Who's next in the civility revival? There's probably no going back to Briton John Galsworthy's "Forsyte Saga" on black-and-white TV. But up there, speaking in sentences on the big movie screen, have been characters from E.M. Forster, Edith Wharton, Virginia Woolf, Louisa May Alcott, a Jane Austen galaxy (including the California "Clueless" version of "Emma"), and a new flurry of Henry James.
Not that these bygone writers ignored the darker sides of human relations. But the surfaces are so civilized, don't you know, and the soundtracks don't have to be so terribly loud except in the storm scenes.
The popularity of such civility - the huge TV audience for Austen's "Pride and Prejudice," for example - comes as surveys find Americans lamenting lack of civility in daily life.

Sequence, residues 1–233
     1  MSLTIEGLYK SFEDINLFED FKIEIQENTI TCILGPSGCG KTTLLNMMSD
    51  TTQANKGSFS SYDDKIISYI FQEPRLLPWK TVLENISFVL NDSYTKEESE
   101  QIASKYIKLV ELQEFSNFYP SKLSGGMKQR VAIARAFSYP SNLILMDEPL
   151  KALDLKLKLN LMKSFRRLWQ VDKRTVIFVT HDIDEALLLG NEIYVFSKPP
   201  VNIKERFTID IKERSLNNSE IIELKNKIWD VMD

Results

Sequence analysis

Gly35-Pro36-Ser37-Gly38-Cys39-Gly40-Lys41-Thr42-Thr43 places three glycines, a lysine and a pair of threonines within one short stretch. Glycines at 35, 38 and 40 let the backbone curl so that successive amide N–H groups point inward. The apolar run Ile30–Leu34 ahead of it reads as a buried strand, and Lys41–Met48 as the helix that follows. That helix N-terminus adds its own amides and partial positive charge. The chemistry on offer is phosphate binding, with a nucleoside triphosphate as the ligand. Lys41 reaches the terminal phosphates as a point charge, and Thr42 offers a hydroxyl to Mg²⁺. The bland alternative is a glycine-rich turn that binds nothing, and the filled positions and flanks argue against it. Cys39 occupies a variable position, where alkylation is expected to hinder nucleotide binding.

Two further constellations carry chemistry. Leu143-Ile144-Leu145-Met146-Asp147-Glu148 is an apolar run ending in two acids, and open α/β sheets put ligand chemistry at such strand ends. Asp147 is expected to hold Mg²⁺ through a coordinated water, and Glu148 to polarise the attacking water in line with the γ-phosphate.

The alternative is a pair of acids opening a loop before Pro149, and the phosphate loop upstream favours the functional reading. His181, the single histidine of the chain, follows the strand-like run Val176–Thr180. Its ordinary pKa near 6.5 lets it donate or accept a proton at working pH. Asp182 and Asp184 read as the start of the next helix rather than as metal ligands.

"P. and P." the book was a favorite of William Dean Howells (1837-1920), who may be ripe for civility canonization. He both pioneered realism in fiction and called on novelists to stress "the more smiling aspects of life." Before the V-chip, he kept unsuitable books from his children and wanted his own fit for their eyes.
In "The Rise of Silas Lapham," Howells dealt with the kind of self-made achiever that still fascinates Americans, not to mention the question of business ethics that makes headlines every day. All the while keeping a civil tongue in his head.
Pending new media versions of such serious fare, how dare PBS jettison sleuth Hercule Poirot, as played by David Suchet, a droll pinnacle of civility in a naughty world?